Shown in Table 3 are the relative fatigue damage errors (D^D)/D^ for the IMS and HSS bearings. The QS method results in low errors of 5–15% across all bearings in the considered load case. The results of the higher fidelity methods LS and KF differ only marginally from those of the QS method despite considering internal dynamics and providing load estimates of higher correlation. The error can be slightly reduced at the bearings IMS-B and HSS-B,C, however at the bearings IMS-C and HSS-A a slightly higher error is calculated. These results suggest that for the considered load case and drive train design, the fatigue damage at the IMS and HSS bearings is mainly dependent on the drive train torque and effects of internal gearbox dynamics are negligible. This becomes more clear when looking at the bearing stress cycles, which are not only a function of the load oscillations depicted in Fig. 3 but also of the rotational speed [18]. A rotating bearing experiences cyclic loading due to entering and exiting its load zone. This is reflected in the use of the stress cycle counting method LDD as opposed to the rainflow counting (RFC) method, which is commonly used for structural elements. The LDD method counts one stress cycle per revolution with a stress range equal to the current radial load. Thus, the quasi-static reactionary forces to the drive train torque cause major stress ranges and contribute significantly to the bearing fatigue, whereas the load variations from internal dynamics cause comparatively small stress ranges. In the studied load case at rated wind speed under normal operational conditions, the QS method would be sufficient to monitor fatigue damage with high accuracy and computational speed. However, it is uncertain how the QS method would perform in load cases with greater internal dynamics, such as an emergency stop or gear faults. Further studies are planned to address this topic.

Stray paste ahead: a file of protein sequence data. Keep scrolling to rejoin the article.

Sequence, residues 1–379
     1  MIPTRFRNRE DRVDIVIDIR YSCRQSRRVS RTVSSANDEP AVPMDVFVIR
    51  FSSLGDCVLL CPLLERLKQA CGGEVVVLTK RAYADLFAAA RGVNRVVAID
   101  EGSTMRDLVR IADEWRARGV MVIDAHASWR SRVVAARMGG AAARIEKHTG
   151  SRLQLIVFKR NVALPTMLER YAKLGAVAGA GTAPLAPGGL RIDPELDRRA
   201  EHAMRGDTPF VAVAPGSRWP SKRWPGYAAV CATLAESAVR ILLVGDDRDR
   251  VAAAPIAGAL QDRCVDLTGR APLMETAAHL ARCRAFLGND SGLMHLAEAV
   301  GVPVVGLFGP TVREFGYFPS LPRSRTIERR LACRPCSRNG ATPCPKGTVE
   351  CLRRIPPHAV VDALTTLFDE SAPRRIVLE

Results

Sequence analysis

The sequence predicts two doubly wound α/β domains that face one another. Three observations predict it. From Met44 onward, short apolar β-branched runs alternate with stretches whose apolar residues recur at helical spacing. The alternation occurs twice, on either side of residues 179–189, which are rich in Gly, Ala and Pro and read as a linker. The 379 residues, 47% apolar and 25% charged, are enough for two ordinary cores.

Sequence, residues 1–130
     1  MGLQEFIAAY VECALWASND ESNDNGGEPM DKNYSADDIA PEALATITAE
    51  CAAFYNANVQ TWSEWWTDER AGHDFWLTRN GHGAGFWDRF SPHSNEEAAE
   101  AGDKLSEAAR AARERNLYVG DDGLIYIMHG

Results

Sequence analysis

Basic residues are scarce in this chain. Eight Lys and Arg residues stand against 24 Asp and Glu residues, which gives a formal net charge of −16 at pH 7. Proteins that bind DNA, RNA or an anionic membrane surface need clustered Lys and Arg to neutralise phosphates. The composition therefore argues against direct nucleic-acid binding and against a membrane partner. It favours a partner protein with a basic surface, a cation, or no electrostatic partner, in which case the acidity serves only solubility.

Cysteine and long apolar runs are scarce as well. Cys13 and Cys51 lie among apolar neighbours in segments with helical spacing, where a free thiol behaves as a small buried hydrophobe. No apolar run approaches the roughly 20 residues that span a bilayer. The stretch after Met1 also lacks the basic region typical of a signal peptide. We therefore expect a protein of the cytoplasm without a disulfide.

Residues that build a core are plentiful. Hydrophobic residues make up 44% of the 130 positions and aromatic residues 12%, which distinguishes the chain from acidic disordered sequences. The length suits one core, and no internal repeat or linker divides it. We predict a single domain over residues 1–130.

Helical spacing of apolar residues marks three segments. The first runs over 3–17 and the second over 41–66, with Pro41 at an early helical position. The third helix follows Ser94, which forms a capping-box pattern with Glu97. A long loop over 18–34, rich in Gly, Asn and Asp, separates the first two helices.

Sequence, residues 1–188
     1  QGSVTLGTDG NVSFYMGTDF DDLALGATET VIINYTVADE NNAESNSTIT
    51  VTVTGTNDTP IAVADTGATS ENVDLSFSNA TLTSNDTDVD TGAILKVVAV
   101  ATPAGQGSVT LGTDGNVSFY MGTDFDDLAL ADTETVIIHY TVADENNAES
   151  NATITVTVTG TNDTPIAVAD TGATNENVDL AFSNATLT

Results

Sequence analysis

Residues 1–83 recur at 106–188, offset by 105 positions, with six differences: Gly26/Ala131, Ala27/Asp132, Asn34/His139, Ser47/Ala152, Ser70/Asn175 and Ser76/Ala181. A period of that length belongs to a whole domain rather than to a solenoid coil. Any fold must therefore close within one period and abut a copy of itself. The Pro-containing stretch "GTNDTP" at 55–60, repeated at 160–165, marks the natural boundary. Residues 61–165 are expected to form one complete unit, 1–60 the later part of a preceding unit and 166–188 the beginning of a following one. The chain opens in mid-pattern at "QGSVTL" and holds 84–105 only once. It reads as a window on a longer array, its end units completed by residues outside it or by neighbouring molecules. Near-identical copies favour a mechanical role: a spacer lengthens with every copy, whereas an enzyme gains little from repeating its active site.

Table 3

Fatigue damage error

QS (%)LS (%)KF (%)
IMS-A11.811.612.3
IMS-B5.70.83.8
IMS-C−9.4−13.6−11.1
HSS-A−5.2−6.1−5.9
HSS-B10.78.38.5
HSS-C15.211.211.4
QS (%)LS (%)KF (%)
IMS-A11.811.612.3
IMS-B5.70.83.8
IMS-C−9.4−13.6−11.1
HSS-A−5.2−6.1−5.9
HSS-B10.78.38.5
HSS-C15.211.211.4

4 Conclusion

In this article a novel approach for the estimation of wind turbine gearbox loads with the purpose of online fatigue damage monitoring was presented. The proposed method employs a Digital Twin framework and aims at continuous estimation of the dynamic states based on CMS vibration data and generator torque measurements from the SCADA data. The proposed method was evaluated in a load case at rated wind speed under normal operational conditions. With a quasi-static approach, which assumes proportionality to the drive train torque, the overall level of bearing loads was estimated with high accuracy, however the dynamic behavior was not reflected well. The quasi-static method was sufficient to estimate fatigue damage with an error of 5–15% across all bearings. The Kalman filter approach produced the highest correlation of bearing loads ranging from 0.5 to 0.96 and was able to capture high-frequency dynamics accurately, but missed several low-frequency components. These are caused by disturbance forces on the IMS, which are not reflected in the underlying physical model and are not available through measurements. Despite considering internal dynamics, the KF method did not result in significant improvements with reference to fatigue damage. It appears that in this load case the stress cycles caused by internal dynamics are insignificant relative to torque induced stress cycles. The least-squares estimator performed worse than the Kalman filter, as it is more sensitive to measurement noise. Further studies are planned to extend this work to different load cases or fault cases, assess the sensitivity to measurement noise and model uncertainties and quantify computational costs.

Acknowledgment

The authors wish to acknowledge financial support from the Research Council of Norway through InteDiag-WTCP project (Project No. 309205).

Conflict of Interest

There are no conflicts of interest.

Data Availability Statement

The datasets generated and supporting the findings of this article are obtainable from the corresponding author upon reasonable request.